Midlife Crisis: Or First Draft of a Book Preface

It seems to me that my life, like surely many people’s lives, resembles the trajectory of modernism to postmodernism (to post-postmodernism?). That is, like many people, when I was a child everything was imbued with a robust intrinsic identity and meaning, both of which could be definitively and determinedly known. One of the most obvious examples of this was the faith in the near omniscience of my parents, and once in school and out of the house, in that of other adults. In the very beginning, there is truly nothing unknown; and though I did not have firsthand knowledge of it, I knew others must. When a child like this, the pronouncements and judgments of parents and adults are absolute, unquestionable, and though sometimes terrifying, an ultimate source of security. There is the recognition of one’s own limits and simultaneously the boundlessness of the abilities of adults, not the least of which was the ability of my parents to make me feel secure and loved.

I know others had very different childhood experiences—something my wife reminds me of regularly, for which I am grateful. Perhaps I was ridiculously naïve; I’m sure plenty of other children either figured it out or at least had premonitions of their parents’ limitations much earlier, but not me. It would not be until my late teens that I really began to question not only my parents’ abilities but the soundness of social institutions more generally. For along with confidence in parents and adults, comes confidence in institutions. I mean institutions such as the church, school, government, business, history, and the unsurpassed, and unsurpassable, greatness of the United States. When young, so many of these seem to work by an intrinsic magic, only to turn later to have been “nothing but” a placebo effect.

The first of those to fall, if we discount the usual childish questioning of the use of school, was the church. Around the age of 16, like many people, I began to question the existence of God. After several years of doing so, I finally was able to admit to myself that there is no God. But this was not great news. Many people raised in an oppressive religious household may feel relief when they give up believing in God. But for me the death of God had radical implications for life. That is, it was a very short chain of inferences from no God to no soul to no afterlife, i.e., no God seemed to entail annihilation of self at death. And this would just not do, but of course there is nothing to be done about it. Somewhat ironically perhaps, before the fear of death engendered by the loss of God, I experienced complete terror at the thought of dying and going to heaven, since all you did in heaven was float around, and since it was heaven, it would be for an eternity. And so one of the earliest dreams I can remember is my dad as Superman having a fistfight with God in our kitchen, the stakes being mortality (and this is perhaps even more ironic since in Christianity Jesus is supposed to be a source of deathlessness).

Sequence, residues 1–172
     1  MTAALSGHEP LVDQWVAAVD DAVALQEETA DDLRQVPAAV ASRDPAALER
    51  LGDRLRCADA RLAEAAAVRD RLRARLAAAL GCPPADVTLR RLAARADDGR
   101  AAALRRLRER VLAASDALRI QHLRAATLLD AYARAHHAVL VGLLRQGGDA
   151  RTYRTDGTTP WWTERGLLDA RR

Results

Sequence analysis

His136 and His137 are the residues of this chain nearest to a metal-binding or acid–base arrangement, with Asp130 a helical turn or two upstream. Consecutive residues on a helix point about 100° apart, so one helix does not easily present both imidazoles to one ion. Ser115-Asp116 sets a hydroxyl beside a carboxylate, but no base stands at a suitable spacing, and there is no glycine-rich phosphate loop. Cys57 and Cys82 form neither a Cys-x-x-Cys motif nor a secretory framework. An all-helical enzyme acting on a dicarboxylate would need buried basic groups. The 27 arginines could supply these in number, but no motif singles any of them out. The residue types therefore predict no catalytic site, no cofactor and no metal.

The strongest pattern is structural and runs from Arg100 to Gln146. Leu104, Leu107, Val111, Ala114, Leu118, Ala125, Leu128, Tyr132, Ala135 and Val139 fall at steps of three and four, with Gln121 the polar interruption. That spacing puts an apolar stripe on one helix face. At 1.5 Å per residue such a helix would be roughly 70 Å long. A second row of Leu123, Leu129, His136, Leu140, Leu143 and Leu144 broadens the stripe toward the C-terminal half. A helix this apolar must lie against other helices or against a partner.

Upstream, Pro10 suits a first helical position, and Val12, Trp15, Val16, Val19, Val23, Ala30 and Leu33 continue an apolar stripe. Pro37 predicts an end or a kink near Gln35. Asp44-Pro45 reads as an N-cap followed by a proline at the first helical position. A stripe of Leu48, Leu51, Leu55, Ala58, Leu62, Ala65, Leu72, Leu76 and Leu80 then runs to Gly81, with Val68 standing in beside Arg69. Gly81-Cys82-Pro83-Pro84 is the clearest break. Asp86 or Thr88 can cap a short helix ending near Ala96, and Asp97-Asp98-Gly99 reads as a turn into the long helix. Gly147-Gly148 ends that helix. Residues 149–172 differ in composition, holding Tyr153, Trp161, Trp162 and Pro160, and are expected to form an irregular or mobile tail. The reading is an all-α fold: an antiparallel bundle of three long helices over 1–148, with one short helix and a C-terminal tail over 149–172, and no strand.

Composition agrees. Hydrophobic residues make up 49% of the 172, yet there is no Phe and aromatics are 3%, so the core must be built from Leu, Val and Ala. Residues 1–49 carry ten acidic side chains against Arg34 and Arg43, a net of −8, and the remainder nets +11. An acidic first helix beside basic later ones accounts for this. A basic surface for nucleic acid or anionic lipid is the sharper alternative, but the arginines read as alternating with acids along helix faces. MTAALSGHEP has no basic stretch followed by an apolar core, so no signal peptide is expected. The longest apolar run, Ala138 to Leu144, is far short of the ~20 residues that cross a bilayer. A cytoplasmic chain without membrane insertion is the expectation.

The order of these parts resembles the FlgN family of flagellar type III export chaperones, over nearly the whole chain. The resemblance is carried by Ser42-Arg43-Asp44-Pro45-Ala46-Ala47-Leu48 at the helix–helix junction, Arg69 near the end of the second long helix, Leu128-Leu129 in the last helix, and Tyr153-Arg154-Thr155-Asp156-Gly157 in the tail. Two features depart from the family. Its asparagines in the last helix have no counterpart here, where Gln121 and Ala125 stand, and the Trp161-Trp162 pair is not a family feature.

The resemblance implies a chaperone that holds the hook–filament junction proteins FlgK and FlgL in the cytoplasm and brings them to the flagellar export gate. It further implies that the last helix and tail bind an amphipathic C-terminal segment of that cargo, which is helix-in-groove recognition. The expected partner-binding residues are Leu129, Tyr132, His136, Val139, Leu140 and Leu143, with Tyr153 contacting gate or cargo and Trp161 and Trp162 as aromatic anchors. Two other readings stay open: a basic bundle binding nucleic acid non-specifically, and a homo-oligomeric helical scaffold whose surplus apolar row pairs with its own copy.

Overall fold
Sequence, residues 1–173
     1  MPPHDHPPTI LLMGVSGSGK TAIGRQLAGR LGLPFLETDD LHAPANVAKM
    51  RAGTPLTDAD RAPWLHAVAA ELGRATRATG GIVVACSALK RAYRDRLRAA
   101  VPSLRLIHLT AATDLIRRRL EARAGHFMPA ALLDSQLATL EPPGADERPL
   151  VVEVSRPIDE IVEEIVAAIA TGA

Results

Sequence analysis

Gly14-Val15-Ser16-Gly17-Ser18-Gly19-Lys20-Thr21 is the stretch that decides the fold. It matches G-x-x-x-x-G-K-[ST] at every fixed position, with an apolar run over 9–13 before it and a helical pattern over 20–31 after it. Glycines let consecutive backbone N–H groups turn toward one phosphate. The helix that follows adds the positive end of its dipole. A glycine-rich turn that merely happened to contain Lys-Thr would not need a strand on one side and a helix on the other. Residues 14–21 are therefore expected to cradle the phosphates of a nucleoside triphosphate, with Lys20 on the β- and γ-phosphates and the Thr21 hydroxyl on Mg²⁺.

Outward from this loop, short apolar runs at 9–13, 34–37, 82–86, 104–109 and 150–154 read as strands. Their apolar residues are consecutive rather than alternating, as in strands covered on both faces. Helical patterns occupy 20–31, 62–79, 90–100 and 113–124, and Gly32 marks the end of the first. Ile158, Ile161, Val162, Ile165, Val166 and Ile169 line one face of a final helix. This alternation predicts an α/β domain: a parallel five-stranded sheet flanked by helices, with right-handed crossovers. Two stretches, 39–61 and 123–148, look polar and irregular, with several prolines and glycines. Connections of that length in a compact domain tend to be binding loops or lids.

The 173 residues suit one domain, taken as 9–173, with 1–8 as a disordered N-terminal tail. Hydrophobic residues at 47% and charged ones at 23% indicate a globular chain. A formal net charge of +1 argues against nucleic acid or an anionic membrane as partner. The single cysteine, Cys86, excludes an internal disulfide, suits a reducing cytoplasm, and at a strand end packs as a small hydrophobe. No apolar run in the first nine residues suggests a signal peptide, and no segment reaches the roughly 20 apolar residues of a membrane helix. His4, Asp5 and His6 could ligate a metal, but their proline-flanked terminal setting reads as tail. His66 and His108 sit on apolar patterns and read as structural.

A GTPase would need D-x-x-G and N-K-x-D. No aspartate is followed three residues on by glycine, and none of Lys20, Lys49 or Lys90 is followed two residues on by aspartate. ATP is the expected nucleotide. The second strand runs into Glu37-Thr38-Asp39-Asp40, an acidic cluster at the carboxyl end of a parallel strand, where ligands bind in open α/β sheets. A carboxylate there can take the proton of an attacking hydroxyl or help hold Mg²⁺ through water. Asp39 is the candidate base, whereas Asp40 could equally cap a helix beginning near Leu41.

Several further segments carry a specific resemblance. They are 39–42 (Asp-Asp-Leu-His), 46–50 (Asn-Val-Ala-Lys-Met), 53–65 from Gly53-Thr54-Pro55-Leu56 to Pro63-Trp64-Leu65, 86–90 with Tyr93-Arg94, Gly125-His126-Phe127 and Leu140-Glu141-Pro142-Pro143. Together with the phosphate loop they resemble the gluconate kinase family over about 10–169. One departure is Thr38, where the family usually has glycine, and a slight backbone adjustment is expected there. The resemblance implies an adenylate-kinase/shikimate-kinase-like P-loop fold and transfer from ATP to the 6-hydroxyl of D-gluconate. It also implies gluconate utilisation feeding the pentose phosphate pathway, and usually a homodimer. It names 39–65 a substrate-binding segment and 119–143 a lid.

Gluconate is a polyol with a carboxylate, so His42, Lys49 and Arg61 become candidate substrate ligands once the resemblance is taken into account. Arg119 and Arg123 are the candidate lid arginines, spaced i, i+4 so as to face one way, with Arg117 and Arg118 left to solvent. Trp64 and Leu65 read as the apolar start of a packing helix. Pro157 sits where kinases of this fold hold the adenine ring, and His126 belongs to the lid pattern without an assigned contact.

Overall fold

Of course as time went on, as I got older, the faith in my parents, other adults, and in the other social institutions unraveled more and more. Another early casualty, of course, was the confidence in my parents’ omniscience. Over time you realize other adults contradict them, as do at least some of your experiences or those of friends—something has got to give and the weight of the evidence speaks against their omniscience. And over time you learn other things, too, of course. Politicians don’t have your best interests at heart and the United States is not some great, unproblematic bastion of freedom and opportunity, but instead is built upon and maintained by slavery and various systems of institutionalized oppression. You learn how soul sucking most jobs are and how the whole point of capitalism is to make you feel bad about yourself, i.e., its whole point is to engender want regardless of need, and to make you believe that happiness lies on the other side of a monetary exchange. You discover that all of this is bullshit and you discover that it is up to you to make all of this is as right as possible. And this task is all the more daunting because all of the power and meaning of all the institutions that you used to rely on to contextualize and frame experience have been rendered powerless and meaningless (you found out they were just sugarpills, so now they don’t work). And so you realize that your whole life you have been in free fall and that what at first seemed like solid ground was really something like a hollow mountain itself falling in the emptiness.— Another option, “of course,” would be to engage in some sort of doublethink whereby one attempts to act as if one weren’t really falling, as if all of those institutions were solid and meaningful. But who can do that double-dance? Of course, it seems that I can, at least to some extent, for I’ve got the academic degree, the salaried job, a mortgage, and a lovely wife. Yet…